But at a price.
When I was surprisingly chosen to serve jury duty on a civil trial, it was estimated that we’d be finishing in 6 – 8 days. Well, that crawled at a snail’s pace into three full (fool) weeks. And during said three weeks, I lost three jobs, two of them with new clients. Furthermore, the trial on which I was serving jury duty was just a sad example of white collar crime and “who can grift more money out of one another” under the guise of “justice.” Snoresville. The scenario, in brief: A lawfirm courts a new partner who has a lot of business. Everyone is all real excited. But, their relationship quickly sours and the new lawyer jumps ship. Feelings are hurt and things get nasty. Agreements had been signed but were the RIGHT agreements signed? The law firm hires a single security guard to peacefully watch over a certain change of office — later, in court, the defense will refer to this single, presumably Latino security guard as “a group of gang members.” Part of the lawfirm’s freak-out includes suing the newly-gone attorney for breach of this and loss of that. Naturally, the newly-gone lawyer countersues for loss of income, damages, etc. in threefold. Much like it was scripted, tears are shed on the stand during testimony. The attorneys representing the attorneys (yeah, ya follow?) engage in that often professional, occasionally snide banter where they try to discredit everything but their own client (and paycheck). There is actual courtroom testimony debating who was responsible for paying for certain monogrammed dinner mints. The whole thing was pretty ridiculous and all told, this exercise in theatrics must have cost around $ 150,000 including fees for all the forensic anaylsts that were hired, loss of work for upwards of 10 attorneys, and the reams upon reams of documents that needed to be copied. (Note to all: emails and handwritten notes, even sarcastic ones with big puffy hearts on them, can and WILL show up in a court of law on an overhead projector for all to see — and you might have to explain “Do you always sign your notes with a big, puffy heart?”) Meanwhile, each jury member is paid $ 15 a day, starting NOT on the first day you have to appear for jury selection, but starting on day 2. Many of the jury members were either self-employed (and hence, don’t get paid for serving on a jury) OR their employers don’t pay for serving jury time. One young guy had to use all of his vacation, sick and personal days merely to serve on this jury, which seemed particularly unfair to me. While I appreciate the fact that a hand selected jury is part of our court system, I only hope that some reform will happen in terms of who can and should serve. It seems to work against the system to have jurors that grow increasingly pissed off having to be there in the first place, especially when if it’s difficult to find sympathy for either side involved. Maybe if the “losers” in each trial were forced to pay each juror a fair day rate, there would be more arbitration outside of court. I undertand better now why people throw their Jury Summons letters in the trash the minute they arrive in the mail.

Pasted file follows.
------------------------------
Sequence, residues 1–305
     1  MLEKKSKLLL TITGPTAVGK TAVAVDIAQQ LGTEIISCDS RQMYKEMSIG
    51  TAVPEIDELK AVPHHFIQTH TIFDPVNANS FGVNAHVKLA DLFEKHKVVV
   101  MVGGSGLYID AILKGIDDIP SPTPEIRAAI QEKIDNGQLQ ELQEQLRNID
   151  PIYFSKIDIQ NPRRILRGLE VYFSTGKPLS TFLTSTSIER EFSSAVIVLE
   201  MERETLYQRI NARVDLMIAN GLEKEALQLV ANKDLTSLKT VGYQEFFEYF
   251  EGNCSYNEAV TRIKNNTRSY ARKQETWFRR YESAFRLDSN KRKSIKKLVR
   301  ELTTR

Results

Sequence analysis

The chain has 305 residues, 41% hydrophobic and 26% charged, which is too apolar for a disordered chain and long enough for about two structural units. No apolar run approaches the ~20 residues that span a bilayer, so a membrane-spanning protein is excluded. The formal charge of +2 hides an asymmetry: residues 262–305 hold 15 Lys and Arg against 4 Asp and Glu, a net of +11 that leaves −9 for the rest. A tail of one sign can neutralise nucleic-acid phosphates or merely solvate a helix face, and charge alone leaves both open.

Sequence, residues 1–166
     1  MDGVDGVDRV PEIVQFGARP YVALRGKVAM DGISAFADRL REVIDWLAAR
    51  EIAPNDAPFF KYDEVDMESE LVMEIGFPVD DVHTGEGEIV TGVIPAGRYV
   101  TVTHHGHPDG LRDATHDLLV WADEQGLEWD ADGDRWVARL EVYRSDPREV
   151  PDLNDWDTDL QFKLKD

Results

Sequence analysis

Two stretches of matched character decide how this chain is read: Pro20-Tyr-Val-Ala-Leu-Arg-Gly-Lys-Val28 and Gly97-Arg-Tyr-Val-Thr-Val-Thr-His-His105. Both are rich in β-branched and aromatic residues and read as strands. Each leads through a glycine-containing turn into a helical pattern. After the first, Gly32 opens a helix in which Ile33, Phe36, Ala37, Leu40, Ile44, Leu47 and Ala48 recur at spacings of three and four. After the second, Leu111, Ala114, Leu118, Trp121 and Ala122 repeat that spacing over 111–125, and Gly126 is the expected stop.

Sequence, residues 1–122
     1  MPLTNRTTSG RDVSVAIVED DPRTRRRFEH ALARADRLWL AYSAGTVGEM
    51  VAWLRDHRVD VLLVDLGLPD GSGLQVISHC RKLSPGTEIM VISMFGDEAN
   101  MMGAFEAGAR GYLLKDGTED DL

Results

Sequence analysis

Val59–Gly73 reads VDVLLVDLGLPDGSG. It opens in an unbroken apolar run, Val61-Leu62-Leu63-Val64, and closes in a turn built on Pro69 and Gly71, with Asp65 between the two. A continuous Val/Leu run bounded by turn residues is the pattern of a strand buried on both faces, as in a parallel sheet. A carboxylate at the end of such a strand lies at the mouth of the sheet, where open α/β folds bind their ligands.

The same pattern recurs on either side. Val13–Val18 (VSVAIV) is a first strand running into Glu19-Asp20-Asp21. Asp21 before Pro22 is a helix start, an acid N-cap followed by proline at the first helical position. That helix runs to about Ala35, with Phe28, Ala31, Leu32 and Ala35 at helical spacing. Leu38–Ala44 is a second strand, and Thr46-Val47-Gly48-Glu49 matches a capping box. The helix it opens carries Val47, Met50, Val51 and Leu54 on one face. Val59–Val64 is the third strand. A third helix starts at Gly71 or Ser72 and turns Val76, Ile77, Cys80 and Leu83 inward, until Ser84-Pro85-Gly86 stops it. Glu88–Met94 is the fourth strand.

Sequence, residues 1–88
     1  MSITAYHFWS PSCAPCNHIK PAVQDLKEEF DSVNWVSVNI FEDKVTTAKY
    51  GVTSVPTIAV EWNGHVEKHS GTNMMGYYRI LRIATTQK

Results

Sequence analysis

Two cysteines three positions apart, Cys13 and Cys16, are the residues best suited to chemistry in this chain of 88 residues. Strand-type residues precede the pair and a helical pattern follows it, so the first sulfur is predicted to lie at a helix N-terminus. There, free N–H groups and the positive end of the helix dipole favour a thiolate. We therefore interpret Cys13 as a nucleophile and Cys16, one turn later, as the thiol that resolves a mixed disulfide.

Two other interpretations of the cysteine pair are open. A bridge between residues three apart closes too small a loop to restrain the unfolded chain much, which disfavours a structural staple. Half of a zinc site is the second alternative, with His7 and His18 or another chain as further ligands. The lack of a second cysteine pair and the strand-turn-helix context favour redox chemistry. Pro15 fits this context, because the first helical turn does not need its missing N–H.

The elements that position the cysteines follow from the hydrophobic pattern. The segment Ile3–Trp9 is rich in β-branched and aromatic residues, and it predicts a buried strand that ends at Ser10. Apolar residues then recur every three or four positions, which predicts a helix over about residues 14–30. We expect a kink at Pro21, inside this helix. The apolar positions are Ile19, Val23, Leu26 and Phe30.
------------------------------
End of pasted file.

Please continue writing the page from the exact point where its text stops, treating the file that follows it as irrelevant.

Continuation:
I did find it funny that of the 12 jurors chosen for this particular jury, (out of 50 or so potential jurors), that at least 3 of the 12 were gay men — one who had hit on me at a bar years ago. Small world. (There may have been more actually, now that I think about it.) So, does that suggest that the 1 in 10 ratio that the “‘mos” have relied upon for years is actually much higher? Is the ratio closer to 1 in 4? Or only in select queer-friendly arenas like….Superior Court? Is that why, as a juror, you not only get free parking at the Walt Disney Concert Hall, but you also get free admission to MOCA — the Museum of Contemporary Art?
This was one of the few highlights for me — a buzzer on the wall within the Jury Deliberation Chamber, where we 12 jurors passionately duked it out for a solid day and half, after the lawyers droned on non-stop for 2 1/2 weeks.
She was another highlight. I saw her while leaving court for lunch one day, rocking some mean courthouse style, including a curly donut ring of much lighter hair around her head. My jury buddy and I have reason to believe that there was no one on the other end of that phone line.